H is holding up a roll of orange tape to his ear. I can hear only his side of the conversation.
“I’m with mama,” he says.
There’s a long pause.
“Yeah. It’s not so entirely sane.”
He pauses again.
And that pretty much sums things up in our house.
“Are you the butcher?” H asks me, a mischievous happiness spreading across his face. His crinkled eyes sparkle.
He has nestled himself between two open cabinet doors, closing them as far as his little body will allow. This is a game we play, the doors a stand in for the squeeze chute he knows cows go through before they are stunned and slaughtered.
“Are you Mathilda?” I smile at him.
Our eyes meet, and for a second we are silent. I do not know what he needs or gets from this play, but the frequency with which he initiates it signals its importance. I trust he knows what he needs, and although it is not a game I would choose, I play along.
“I’m the butcher,” I tell him, picking up the beat.
“Yeah, but I’m not a butchering cow. I’m an information cow.”
I smile. I’m spared, at least this time, from playing at butchering my child in the guise of Mathilda the cow. And I am amused at how much a child of his times he is. An information cow, indeed.
“I am going to Seattle, because I have friends in Seattle I want to say hi to. I’ll be right back.”
He loops around the outside of the enclosed play area at the outdoor mall near our house.
“Oh, I forgot to say hi to friends in Seattle,” he informs me upon his return. “I’ll be right back.”
He loops around again at a slow, purposeful trot.
“I’m done with Seattle,“ he announces when he is back, and then, “Oh, I forgot to say hi to friends in Seattle.”
He repeats this trip around the play area, saying hi and forgetting to say hi and being done, again and again until at last the journey is complete.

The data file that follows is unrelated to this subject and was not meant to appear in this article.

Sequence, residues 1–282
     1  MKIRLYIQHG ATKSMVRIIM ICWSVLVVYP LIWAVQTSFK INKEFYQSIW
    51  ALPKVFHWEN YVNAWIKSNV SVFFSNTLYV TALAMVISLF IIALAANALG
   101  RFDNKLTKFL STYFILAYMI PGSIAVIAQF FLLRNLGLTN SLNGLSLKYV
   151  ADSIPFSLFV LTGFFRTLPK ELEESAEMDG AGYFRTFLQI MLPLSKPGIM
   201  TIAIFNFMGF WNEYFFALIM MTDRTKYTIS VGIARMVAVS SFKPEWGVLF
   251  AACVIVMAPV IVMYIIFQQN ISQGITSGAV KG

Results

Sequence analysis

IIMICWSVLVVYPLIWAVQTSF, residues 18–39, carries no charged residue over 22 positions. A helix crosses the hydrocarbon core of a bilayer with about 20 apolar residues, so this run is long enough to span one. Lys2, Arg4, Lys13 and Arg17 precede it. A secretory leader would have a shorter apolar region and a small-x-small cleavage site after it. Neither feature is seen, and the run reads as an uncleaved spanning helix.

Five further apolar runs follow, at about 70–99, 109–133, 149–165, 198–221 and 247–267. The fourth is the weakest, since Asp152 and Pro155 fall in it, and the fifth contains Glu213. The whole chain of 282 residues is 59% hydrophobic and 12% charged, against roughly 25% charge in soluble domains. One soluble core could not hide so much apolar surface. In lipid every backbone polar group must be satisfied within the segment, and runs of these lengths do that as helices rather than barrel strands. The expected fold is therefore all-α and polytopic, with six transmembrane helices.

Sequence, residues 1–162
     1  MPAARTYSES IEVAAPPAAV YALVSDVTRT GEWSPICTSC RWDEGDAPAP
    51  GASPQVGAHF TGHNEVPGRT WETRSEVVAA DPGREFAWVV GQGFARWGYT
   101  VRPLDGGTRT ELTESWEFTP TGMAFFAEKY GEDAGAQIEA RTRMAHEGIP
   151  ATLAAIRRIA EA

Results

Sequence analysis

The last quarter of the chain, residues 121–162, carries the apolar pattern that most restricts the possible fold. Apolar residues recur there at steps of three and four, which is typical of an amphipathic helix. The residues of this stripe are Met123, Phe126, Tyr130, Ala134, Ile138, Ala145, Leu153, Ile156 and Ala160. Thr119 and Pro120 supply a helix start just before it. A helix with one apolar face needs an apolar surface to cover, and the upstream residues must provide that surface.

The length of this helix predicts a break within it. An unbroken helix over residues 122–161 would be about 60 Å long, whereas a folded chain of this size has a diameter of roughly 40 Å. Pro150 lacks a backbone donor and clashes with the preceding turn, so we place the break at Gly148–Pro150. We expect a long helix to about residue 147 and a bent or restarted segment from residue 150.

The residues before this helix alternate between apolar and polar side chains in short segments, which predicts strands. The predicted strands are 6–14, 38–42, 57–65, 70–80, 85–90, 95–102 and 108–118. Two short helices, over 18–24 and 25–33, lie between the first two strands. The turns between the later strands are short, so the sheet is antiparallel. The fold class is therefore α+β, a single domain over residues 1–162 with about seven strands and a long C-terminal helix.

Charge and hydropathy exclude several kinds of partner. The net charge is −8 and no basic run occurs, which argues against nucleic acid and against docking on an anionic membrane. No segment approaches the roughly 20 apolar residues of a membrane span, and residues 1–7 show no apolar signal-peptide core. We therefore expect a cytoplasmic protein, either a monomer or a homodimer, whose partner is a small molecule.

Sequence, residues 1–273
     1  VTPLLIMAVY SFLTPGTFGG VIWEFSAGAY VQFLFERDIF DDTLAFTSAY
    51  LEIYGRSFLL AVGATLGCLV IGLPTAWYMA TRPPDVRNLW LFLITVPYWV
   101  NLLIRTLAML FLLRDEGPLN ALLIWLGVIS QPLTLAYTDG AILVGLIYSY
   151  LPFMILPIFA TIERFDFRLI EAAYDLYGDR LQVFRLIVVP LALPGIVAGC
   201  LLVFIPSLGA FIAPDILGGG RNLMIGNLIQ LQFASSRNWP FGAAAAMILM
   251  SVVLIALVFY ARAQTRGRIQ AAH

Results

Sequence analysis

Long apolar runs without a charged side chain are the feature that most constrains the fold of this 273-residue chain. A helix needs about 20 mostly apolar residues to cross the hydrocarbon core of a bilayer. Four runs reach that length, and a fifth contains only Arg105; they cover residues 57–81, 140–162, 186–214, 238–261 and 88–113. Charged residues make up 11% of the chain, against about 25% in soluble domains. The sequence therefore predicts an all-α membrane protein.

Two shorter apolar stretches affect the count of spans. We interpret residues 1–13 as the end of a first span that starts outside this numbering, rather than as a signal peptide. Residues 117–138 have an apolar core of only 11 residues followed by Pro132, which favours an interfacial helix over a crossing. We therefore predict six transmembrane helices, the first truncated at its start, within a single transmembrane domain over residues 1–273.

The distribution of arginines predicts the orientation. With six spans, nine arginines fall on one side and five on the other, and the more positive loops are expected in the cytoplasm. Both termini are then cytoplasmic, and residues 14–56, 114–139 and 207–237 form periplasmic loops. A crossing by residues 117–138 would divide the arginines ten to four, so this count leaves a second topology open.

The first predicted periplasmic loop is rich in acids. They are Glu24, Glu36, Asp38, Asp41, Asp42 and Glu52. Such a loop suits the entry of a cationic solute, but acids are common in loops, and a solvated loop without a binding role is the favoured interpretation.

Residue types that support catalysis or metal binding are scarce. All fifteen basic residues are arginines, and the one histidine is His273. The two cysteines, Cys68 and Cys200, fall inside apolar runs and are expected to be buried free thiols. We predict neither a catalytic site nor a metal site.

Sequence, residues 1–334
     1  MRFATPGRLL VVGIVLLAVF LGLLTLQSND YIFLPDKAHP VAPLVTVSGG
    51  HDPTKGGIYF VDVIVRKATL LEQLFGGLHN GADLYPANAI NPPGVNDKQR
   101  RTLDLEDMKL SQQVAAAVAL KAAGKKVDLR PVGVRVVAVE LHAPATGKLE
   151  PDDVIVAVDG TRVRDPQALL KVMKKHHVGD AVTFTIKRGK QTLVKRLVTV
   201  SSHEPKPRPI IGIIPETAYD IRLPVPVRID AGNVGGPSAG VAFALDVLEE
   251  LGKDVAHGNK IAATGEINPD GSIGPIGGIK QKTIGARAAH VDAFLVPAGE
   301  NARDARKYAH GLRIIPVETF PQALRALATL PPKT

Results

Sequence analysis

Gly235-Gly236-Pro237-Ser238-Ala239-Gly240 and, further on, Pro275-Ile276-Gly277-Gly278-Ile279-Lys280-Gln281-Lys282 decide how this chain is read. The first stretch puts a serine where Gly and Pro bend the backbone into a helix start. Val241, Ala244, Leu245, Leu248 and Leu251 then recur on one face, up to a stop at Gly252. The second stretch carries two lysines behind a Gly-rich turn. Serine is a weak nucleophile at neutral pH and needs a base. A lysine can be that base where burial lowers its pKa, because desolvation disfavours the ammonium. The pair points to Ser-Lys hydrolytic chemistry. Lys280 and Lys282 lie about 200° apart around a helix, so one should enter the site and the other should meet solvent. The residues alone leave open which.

H puts a red cylinder through the circle hole in his shape sorting toy. He fits it through easily and adds a second red cylinder through the same hole. Next he tries a blue cube, but he can’t push it through the circle hole. Without attempting the triangle or square holes or skipping a beat, H lifts the lid of the shape sorting toy and drops the blue cube inside. He throws in another blue cube and two green triangle pieces and places the yellow lid back on top.
The shape sorting toy solved, H turns his attention to one of his stacking ring toys. He carefully takes off the top two rings and puts them in his toy box, one at a time. He works at lifting a third ring, but it catches against the rubber of the stacking stick. After a second he abandons that effort, picks the whole thing up, and throws it in the toy box. Stacking ring toy solved.
I love watching H play. It helps me see how his developing mind makes sense of the world and how this understanding grows and shifts over time. Even when his play does not match what might be considered the intended use of a toy, I see him exercising creativity and ingenuity. It is pure joy to watch him.
My hope is that he always delights in play as he does now. That he never feels there is only one right way to solve a problem. That there is always a place for learning through play in his life. And that, even as an adult, he will see the value in unfettered play for the sake of unfettered play. My hope is, simply, that he always loves to play.